• I thought I was the only one who had the strange symptoms. I haven’t slept because of it for now 3 weeks, and it’s driving me insane.
  • I thought it was menopause possibly starting early. I never thought my MS did this. It’s horrible, especially when it’s actually cold.
  • I have the same problem with night sweats. I’ve had every test and no one can explain why I have them. Thanks for the article. I don’t feel so alone.
  • Yes, I definitely relate! I turn into a Bunsen burner especially late at night and no matter how cold it is I sweat like crazy without even getting all that over heated or hot. I still wake up sweaty.
  • ‪I sleep with ice packs all year long here in Michigan.
  • This is me, 110%! I’m freezing all day then a human furnace at night. And I can’t handle sleeping without a heavy blanket either from years of doing so before these symptoms.

I’m cold sometimes, and really hot at other times.

  • My husband and I had to resort to having our own bedrooms, and I often keep a fan on and have eight blankets. This is all because my body temperature is yo-yoing.
  • My feet always feel cold even though they’re warm especially when I’m in bed
.
  • I get really cold then I get really hot. It’s off and on.
  • I have that problem too. I thought it was just me, so thank you for posting this. I get night sweats to the point that my shirt will be wet.
  • I know EXACTLY what you mean! I am freezing cold, and burning up at the exact same moment. But it’s not just at night. I am always uncomfortable.
  • I thought it was just me! My body is like a house with no insulation. I’m either too hot or too cold.
  • I’m always warm – my hot flashes ended some time ago. My feet are always cold, even when it’s 100° outside. My circulation is getting so bad.

My Body temperature is hot all the time!

  • I’ll trade with you! I am like a human torch all the time. I never cool off even in the winter. People think I’m crazy because I don’t wear a jacket even in the winter. It makes it very hard to sleep because my husband is always cold and I am always hot.
  • I live in IL and it’s Dec. 22. I still wear shorts and a short-sleeved shirt to bed. I still sometimes wake up sweaty.
  • I don’t get cold often, but I’m always really hot since being diagnosed. It’s winter and I’m running my fan on full blast!

I’m cold all the time!

  • The only time this overheating ever happened to me was when I was taking Rebif. Now I am a thermostat nightmare – freezing cold all the time, layers and layers of clothing, and at night I have found the one thing to help go from hot to cold with minimal effort – believe it or not –  is a sleeping bag. The silk of the bag stays cool, and it warms up like a champ too so it’s easy to toss on and off at a whim without too much effort while TRYING to sleep.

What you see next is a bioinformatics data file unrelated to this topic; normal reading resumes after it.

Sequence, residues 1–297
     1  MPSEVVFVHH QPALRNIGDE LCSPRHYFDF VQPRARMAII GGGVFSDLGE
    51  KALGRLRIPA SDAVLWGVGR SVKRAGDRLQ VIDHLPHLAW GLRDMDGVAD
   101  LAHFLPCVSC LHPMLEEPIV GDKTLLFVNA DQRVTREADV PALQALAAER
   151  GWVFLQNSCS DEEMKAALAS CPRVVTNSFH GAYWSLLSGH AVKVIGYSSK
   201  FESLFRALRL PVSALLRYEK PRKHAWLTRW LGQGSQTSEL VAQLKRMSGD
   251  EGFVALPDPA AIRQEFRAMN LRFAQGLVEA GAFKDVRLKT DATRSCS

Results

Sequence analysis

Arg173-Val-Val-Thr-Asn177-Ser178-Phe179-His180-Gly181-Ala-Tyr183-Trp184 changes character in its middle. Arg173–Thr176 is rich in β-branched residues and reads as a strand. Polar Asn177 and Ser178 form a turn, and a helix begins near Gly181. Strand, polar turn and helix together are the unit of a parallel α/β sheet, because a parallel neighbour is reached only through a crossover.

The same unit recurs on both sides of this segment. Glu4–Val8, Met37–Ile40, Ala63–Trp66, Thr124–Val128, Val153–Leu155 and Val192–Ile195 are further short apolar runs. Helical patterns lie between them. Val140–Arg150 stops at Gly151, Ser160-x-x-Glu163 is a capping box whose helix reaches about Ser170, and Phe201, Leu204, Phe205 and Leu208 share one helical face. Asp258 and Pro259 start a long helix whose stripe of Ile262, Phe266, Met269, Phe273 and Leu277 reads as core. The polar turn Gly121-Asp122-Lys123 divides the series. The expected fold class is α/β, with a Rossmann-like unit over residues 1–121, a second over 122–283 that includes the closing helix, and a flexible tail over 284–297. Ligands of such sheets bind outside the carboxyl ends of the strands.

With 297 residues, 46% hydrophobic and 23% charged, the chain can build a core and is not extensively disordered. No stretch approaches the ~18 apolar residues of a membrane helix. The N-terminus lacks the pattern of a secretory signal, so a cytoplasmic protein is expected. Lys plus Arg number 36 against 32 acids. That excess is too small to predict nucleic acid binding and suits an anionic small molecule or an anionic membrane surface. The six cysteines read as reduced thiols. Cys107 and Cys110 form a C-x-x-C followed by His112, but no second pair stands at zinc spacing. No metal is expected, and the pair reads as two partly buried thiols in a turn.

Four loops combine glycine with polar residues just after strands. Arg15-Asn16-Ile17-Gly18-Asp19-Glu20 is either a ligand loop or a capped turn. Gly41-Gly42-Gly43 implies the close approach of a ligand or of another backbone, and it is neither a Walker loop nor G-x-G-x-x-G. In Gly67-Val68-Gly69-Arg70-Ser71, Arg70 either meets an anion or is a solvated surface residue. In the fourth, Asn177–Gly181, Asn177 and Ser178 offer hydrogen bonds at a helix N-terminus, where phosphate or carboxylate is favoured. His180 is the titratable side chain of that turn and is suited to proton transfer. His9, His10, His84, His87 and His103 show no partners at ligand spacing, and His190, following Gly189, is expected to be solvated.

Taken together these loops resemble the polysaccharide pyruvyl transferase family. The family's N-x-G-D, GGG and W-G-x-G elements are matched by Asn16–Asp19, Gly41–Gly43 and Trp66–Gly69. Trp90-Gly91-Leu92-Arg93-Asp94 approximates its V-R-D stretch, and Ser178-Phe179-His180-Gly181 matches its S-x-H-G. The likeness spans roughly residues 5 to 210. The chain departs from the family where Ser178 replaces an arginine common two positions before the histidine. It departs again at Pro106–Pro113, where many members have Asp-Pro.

Other:

  • I also find that using a sleeping bag helps me better adjust temp at night. I found this out by accident in September. Long story short, I was homeless from March of this year until December first. I was living in my car and when the season started shifting here in New England I finally borrowed a sleeping bag for the cooler nights. I slept much better with the sleeping bag than I did with blankets. My car would get stuffy at night with all the windows rolled up yet it was also chilly. The silkiness of the sleeping bag was comforting when I was feeling chilly and it was soothing to lie on top of it when I was feeling a little too warm. Now I have finally moved into an apartment and I don’t want to give the sleeping bag up.
  • I don’t do well in the heat. AC is for me in the summer, but I have been having cold hands and feet this winter nearly all the time. I am sitting in front of a floor heater nearly all the time now, and I live in California. There’s no way could I ever go or live where there is snow!
  • I don’t usually get hot or cold, but lately in the last 6 months I have sweating episodes that last about 20 minutes where I am drenched. I’m way past menopause so I know that can’t be it.

What about you? Do you have trouble regulating your body temperature? Do you have a hard time with either hot or cold temperatures? Please share with us in the comments!

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December 2014 Artist of the Month: Celebrating the Work of Artists Affected by Multiple Sclerosis

A special seasonal December Artist of the Month:
David Desjardins – Union, ME

 David Desjardins - Christmas Morning

About the Artist:

“I consider myself to be a very positive and optimistic person, but it was difficult maintaining that attitude when I first learned of my diagnosis, even for me! I’ve always loved to paint, but there constantly seemed to be a situation or reason that demanded my immediate attention first. Now, however, I choose to do something creative with my time rather than giving in entirely to my illness, sitting in a corner mourning my losses.